These thoughts were sharpened recently by comments made by some radical Muslims that participation in democracy is un-Islamic and the only law that should be obeyed is the law of Islam. They are only the most recent and egregious of a long list of democracy-deniers that has included fascists, communists, Trotskyites, anarchists, and an assortment of religious extremists who believe that they, and only they, have insight into a truth that is so self-evident that this places them beyond the considerations of abiding by the law, and frees them to act in ways to achieve their political goals only limited by the extent of their imaginations. For, make no mistake, these people only want one thing: to accrue political power over others. Let me repeat that, for it is something that is frequently overlooked in the rhetoric of religious doctrine or political philosophy: the intention of those who denigrate democracy and the rule of law is to exercise absolute power over their fellow citizens by violent means.

This should remind us why the rule of law is so important and needs to be vigorously proclaimed. Firstly, it protects our fundamental freedoms and rights to safety and security, not only to protection from criminal activity but also unwarranted intrusions of the state: our freedom to conduct business, to associate, to express our views, to make contracts that are binding, to enjoy ourselves through leisure pursuits, to have our marriages and family life recognised. Secondly, it imposes limits on what we can legitimately do, which keeps us within the norms of socially acceptable behaviour and within that to tolerate the many differences amongst us, be they differences of gender, race, ethnicity, religion, political creed, sexuality, lifestyle or simply character. The rule of law is the manifestation of the will of a people to live in a free and tolerant society.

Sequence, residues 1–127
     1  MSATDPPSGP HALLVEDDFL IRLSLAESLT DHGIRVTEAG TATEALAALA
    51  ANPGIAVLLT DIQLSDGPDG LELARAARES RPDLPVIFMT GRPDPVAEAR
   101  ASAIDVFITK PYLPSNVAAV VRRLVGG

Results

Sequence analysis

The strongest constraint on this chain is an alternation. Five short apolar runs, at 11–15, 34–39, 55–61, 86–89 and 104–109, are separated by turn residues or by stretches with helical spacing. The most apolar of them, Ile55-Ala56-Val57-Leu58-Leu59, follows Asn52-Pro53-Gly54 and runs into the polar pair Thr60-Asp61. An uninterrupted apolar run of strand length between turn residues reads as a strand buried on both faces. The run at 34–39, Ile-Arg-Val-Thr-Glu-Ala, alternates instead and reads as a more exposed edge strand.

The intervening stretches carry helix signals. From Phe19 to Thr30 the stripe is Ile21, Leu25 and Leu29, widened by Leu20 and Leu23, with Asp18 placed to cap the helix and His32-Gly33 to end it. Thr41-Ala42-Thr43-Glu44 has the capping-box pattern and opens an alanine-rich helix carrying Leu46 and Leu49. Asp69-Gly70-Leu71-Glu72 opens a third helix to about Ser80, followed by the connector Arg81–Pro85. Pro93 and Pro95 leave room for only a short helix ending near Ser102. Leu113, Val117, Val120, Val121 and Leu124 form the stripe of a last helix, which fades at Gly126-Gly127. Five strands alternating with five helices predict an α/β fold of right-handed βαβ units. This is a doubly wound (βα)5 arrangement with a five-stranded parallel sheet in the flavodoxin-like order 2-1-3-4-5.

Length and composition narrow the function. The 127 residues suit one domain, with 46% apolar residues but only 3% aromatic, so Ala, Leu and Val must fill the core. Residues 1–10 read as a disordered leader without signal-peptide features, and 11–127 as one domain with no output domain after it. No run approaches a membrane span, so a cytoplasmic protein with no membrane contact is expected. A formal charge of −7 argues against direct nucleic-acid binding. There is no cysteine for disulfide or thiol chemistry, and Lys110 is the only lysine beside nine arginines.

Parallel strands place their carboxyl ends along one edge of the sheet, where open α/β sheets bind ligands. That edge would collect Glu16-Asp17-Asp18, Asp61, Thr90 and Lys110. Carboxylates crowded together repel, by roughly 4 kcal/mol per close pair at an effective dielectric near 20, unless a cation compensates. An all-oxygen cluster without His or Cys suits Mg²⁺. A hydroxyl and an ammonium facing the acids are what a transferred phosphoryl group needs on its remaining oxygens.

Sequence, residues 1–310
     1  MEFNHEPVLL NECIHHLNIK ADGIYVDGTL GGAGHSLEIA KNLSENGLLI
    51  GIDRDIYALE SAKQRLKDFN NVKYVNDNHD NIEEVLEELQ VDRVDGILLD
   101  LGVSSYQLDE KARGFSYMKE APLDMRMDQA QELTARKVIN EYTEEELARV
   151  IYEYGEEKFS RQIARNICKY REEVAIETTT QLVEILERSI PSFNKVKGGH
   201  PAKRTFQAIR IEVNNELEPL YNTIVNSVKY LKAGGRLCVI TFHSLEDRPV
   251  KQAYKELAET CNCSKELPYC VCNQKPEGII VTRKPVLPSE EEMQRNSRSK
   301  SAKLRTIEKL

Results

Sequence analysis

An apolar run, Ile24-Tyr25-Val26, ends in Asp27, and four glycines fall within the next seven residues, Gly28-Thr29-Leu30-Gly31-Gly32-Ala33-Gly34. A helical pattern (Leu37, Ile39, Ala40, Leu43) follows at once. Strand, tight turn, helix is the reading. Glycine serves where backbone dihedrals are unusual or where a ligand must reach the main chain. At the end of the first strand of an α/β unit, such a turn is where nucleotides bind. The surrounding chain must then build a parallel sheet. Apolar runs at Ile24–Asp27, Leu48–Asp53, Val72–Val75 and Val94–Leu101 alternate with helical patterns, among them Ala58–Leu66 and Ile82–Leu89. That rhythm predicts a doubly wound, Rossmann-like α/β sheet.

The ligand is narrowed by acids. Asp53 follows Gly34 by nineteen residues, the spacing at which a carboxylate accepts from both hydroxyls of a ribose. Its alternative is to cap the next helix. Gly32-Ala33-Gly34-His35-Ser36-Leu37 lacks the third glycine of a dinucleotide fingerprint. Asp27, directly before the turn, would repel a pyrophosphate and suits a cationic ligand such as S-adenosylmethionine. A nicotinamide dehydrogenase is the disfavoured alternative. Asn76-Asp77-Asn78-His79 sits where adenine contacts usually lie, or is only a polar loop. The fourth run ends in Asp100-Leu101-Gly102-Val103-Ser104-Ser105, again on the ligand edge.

The law also sets out a minimum standard of life and responsibilities as a citizen of the society. No one, and no religion or political creed has the right to challenge this, because the law is fundamentally the settled will of the people, manifested through their representatives, about the type of society they wish to live in. For example, I might feel uncomfortable about the idea of gay marriage because of personal inclination, religious conviction or because I feel it fundamentally alters the meanings we have traditionally attached to the concept of marriage in our culture; however, through the constitutional process, this is now recognised in law. Increasingly, discriminatory practices based on personal preferences are illegal and it cannot be denied that this makes our society fairer. Democracy, after all, is not the dictatorship of the majority. But while personal conviction can never justify breaking the law, there is nothing to prevent us living beyond the minimum requirements of the law, whether that be acts of piety, charity, love, compassion, forgiveness, volunteerism, enterprise, invention or inspiration. The law requires none of these, nor does it forbid any.

There are, of course, laws that are bad and need to be challenged and there is a fine distinction between the need to uphold the rule of law and challenging unjust laws, and this frequently involves a considerable degree of self-sacrifice, whether voluntarily chosen or imposed. An oft-cited example is Martin Luther King who broke the segregation laws of Alabama in the 1960s and went to prison as a result. Rather than expressing resentment King accepted that it was right that he was jailed, because he had broken the law, even though it was an unjust law. The moral philosopher Lawrence Kohlberg held this up as an example of the highest order of ethical perception. In a modest way we have seen an example of this in recent days of the quiet dignity of a released inmate of Guantanamo, Shaker Aamer, seeking no revenge, but only to reintegrate into British life and campaign on behalf of the remaining inmates, despite 14 years of imprisonment and torture in a place where the rule of law and natural justice was suspended, a situation with which the British state possibly connived.